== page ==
Entre Amigos: Amigo Club grants two exchange student scholarships

Joaquin Torres Hernandez and Karen Lucia Lopez Villanueva play a violin duet at a farewell gathering of Amigo Club and SOU faculty. Torres and Lopez were part of a business school exchange in Ashland in April with other University of Guanajuato students.
January 9, 2023

The recipients will enroll in Southern Oregon University’s School of Business

By Kernan Turner

The Ashland Amigo Club has selected two Guanajuato scholarship recipients who will study winter and spring terms at Southern Oregon University as part of its Amistad student exchange program with the University of Guanajuato.

The students, Joaquin Torres Hernandez and Karen Lucia Lopez Villanueva, will enroll in the SOU School of Business.

Torres and Lopez spent a week in Ashland last spring, participating in a student exchange program sponsored by the business schools of SOU and the University of Guanajuato. Both accomplished violinists, they played at an Amigo Club farewell party.

“We’ve asked them not to forget to bring their violins with them,” Amigo Club President Betzabe “Mina” Turner said in announcing their selection.

Guanajuato professor Dr. Martin Pantoja, who was an Amistad exchange student in Ashland years ago, guided their selection through the University of Guanajuato, following criteria established by the Amigo Club scholarship committee.

The two will bring the number of Amigo Club Endowed Scholarship recipients to 12 since its creation in 2015. A recipient from SOU, Antonia Boyd, is currently wrapping up a semester studying at the University of Guanajuato. Students at either of the two universities are eligible to apply.

SOU exchange student writes from Guanajuato

The Ashland Amigo Club asked Antonia “Toni” Boyd, a scholarship recipient studying at the University of Guanajuato, to describe her experiences.  Here is her reply, lightly edited for brevity:

“It’s been such an experience here in Guanajuato, Mexico. From the classes, the climate, the people, and the city, I’ve never before experienced so many new things at once.

The semesters here are much longer, while the class structures are far more relaxed, in format, but not workload. I have been able to meet some new and nice people, including the two students who will be attending SOU on exchange this winter.  We went to dinner and they introduced me to some of their friends. The students in my classes have been wonderful and very helpful as well. In every class I’ve had there has been at least one student who offered to help me or exchanged contacts in case I needed anything.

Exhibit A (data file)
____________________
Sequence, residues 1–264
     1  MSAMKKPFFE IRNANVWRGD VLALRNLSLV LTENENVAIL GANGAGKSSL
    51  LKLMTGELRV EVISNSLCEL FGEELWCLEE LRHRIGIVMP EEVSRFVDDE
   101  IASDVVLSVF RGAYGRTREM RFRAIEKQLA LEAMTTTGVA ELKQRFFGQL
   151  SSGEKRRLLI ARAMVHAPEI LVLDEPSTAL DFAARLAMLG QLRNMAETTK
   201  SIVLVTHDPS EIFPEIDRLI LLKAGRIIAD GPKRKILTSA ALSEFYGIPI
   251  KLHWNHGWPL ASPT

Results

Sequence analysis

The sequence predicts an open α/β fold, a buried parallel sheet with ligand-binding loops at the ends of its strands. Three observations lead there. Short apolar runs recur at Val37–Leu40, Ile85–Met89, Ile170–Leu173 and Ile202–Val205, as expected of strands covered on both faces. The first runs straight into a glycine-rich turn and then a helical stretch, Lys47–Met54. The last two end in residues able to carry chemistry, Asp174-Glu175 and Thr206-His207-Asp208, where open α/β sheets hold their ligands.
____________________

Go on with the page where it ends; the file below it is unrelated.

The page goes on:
It’s the beginning of the dry season here (at the end of October), and I’m not used to the sunny, hot weather here.

One thing I had immediately noticed when I got here was how much more intense and direct the sun is.

When I first got here, the rainy season in mid-summer was incredible. I had never experienced such intense storms. Coming from Oregon, rainy weather is nothing new, but the storms here caused my walkway to turn into a waterfall and cars below were getting stuck in flash-flooded streets.

The most incredible part was the thunder and lightning of every storm. The lightning would hop from cloud to cloud with a pink hue and when it would finally strike, the thunder was loud enough to even make those who love thunderstorms, like me, jump from the booming sound. Some lighter rainstorms reminded me of home, and with the drier weather now, I do miss them.

Something that surprised me was how I had to acclimate to the elevation here. While it’s not exactly mountainous terrain, Guanajuato sits at about 6,700 feet in elevation, compared with 1,900 feet in Ashland. For reference, nearly-mile-high Denver is about 5,200 feet. I didn’t think it was going to be that much of a difference until my landlord walked me to see my apartment here and we climbed the equivalent of seven flights of stairs. It was laborious for me but not for her. As an avid hiker familiar with steep inclines, it was a very bizarre experience. Three months later, the elevation hardly affects me.

The learning curve with the full language immersion here has been very mentally demanding, requiring a lot more focus for everyday tasks and conversations. It has pushed me in ways I couldn’t have imagined, but it’s also allowed me to grow as a Spanish speaker, and also as a person. Experiencing different norms, people, sights, and sounds have given me a much broader perspective, allowing me to see the world from other people’s contexts and viewpoints.

I also have to mention that the history is so rich here. Everywhere I go there are beautiful historic buildings and statues that you don’t see back at home.

Amigo Club’s Entre Amigos (Between Friends) column about Ashland ties to its sister city Guanajuato, Mexico, appears periodically. Longtime AP reporter and bureau chief Kernan Turner is an Ashland resident and Amigo Club member.

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